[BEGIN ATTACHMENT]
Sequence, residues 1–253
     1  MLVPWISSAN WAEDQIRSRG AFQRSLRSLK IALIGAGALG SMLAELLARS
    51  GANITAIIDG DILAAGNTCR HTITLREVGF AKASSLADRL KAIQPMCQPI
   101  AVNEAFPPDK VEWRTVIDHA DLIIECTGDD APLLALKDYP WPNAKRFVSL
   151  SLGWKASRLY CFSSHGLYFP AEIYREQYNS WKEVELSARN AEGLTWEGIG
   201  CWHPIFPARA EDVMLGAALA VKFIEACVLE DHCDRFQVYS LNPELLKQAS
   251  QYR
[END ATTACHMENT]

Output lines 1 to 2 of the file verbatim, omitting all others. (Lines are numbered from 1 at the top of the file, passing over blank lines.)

Sequence, residues 1–253
     1  MLVPWISSAN WAEDQIRSRG AFQRSLRSLK IALIGAGALG SMLAELLARS